Europe's Migrant Crisis, Still Yielding Terror, Foretells the Effects of Biden's Border-Crossing Boom

By Todd Bensman on March 9, 2021

The National Pulse, March 9, 2021

border barriar in Hungary
Hungary's border barrier, which in 2015 ended a mass migration route over which ISIS terrorists were slipping into Europe. Photo by Todd Bensman, March 2019.

With the flash of knife, the latest border-jumping, migrant asylum seeker has wrought yet another trail of blood, hospitalizations, shots fired, and street memorials in a European nation. This time, a 22-year-old Afghan migrant asylum allegedly slashed seven pedestrians in the Swedish town of Vetlanda before police could disable and arrest him.

Although reporting is developing, the Afghan undoubtedly crossed the European Union's external borders among several thousand young Afghan asylum applicants who traveled to Sweden in recent years via an Iran-Iraq-Turkey-Greece-Italy route and who are now being repatriated as ineligible. How and why border-crossing migrants from Muslim-majority nations keep conducting such attacks pose lessons applicable to the American southern border, where thousands from the same Muslim-majority nations annually cross.

Jihad at the Border

As discussed at length in America's Covert Border War, The Untold Story of the Nation's Struggle to Prevent Jihadist Infiltration, Europe's experience showcases a new terrorism travel phenomenon on the world stage: that malevolent long-haul migrants from countries rife with Islamist terrorist organizations now routinely cross land borders of western nations and do so far less noticeably when high volumes of benevolent economic migrants have overwhelmed border management systems.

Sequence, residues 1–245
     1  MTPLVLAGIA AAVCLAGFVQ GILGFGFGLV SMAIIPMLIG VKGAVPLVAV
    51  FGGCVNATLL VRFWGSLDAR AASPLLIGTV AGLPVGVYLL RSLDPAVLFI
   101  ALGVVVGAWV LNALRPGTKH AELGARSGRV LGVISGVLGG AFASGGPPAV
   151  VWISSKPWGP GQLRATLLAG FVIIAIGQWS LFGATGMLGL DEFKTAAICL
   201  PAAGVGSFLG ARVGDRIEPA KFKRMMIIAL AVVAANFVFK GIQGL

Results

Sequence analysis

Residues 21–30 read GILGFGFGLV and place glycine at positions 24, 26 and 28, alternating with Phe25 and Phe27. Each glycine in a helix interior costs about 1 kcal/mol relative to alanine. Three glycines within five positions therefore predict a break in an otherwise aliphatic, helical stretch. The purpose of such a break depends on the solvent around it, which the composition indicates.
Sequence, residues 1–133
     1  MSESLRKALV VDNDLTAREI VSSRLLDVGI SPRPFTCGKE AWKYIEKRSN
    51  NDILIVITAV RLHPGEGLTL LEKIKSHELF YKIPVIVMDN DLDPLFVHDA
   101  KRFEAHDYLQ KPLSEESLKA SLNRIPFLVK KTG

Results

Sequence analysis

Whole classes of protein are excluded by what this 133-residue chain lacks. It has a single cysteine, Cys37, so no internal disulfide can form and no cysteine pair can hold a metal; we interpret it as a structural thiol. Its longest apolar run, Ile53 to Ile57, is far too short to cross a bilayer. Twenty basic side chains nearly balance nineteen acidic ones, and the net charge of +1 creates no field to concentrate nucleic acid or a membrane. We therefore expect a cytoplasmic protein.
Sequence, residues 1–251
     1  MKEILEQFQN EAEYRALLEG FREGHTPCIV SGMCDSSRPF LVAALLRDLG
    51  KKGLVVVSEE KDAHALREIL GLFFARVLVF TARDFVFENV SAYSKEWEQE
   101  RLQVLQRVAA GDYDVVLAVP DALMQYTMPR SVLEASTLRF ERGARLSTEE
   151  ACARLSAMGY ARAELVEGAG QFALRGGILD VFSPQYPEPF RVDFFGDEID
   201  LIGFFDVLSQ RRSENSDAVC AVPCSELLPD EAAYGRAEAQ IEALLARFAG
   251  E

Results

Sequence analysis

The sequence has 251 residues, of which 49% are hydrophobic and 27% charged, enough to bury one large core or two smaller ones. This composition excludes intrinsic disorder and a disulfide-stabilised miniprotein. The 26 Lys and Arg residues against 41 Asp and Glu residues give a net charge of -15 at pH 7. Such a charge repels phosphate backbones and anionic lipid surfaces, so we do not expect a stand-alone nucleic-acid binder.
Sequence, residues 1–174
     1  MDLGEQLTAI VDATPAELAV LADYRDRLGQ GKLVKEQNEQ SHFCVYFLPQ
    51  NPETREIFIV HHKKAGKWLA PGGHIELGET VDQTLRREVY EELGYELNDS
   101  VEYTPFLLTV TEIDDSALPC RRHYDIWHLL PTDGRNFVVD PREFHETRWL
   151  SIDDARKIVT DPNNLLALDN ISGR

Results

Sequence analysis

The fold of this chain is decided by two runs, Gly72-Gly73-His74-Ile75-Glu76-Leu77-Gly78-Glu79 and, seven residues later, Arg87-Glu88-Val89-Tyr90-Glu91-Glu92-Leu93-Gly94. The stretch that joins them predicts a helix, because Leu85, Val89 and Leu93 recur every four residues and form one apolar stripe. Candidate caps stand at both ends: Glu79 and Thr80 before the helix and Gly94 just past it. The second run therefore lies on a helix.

Security officials first realized the new terrorist border proliferation method after ISIS deployed operatives camouflaged among massive migrant caravans to attack Paris in November 2015 and Brussels in March 2016. Lone offender migrants and small cells have since neatly exploited the inability of western security services to vet hearts and minds as border control and asylum systems stagger under high volumes.

Now that record volumes plague the U.S.-Mexico border, American leaders should know that stressed receiving nations waved through people like the Afghan knife slasher of Vetlanda, the Tunisian who in October 2020 slashed three people in a Nice, France, church, the Iraqi who in August 2020 purposefully hunted and killed German motorcyclists in an Opel Astra sedan, Europe's most-wanted jihadist (captured in Italy in May 2020), the Sudanese migrant who in April 2020 killed two and wounded five more during a knife-slashing spree in the south of France, the five Tajik migrants caught planning to murder American military personnel in Germany, and many others besides.

Indeed, the best available data by researcher Sam Mullins in his book Jihadist Infiltration of Migrant Flows to Europe shows that at least 140 border-crossing refugees and migrants — likely an undercount — gamed asylum systems and killed and maimed over a thousand Europeans from 2011 to 2018. My research for America's Covert Border War identified a likely undercounted 104 border-crossing migrant terrorists from 2014 to 2018. The numbers have since moved only higher.

Opening Europe to Catastrophe

Europe's crisis began in 2014 when the Syrian war spurred large-scale migration to the 27-member European Union's common external borders. Tension built around the question: Will Europe let them in?

On August 24, 2015, German Chancellor Angela Merkel answered "Yes, we'll take a million." Embedded in her message was a liberal progressive ideology of multiculturalism, that this was a virtuous, new kind of Germany that, pointedly unlike the old one, would happily import religious and racial diversity over the borders into Europe's most prosperous economy. The Muslim world heard her message. Millions more immediately entered the pipeline and never really stopped coming.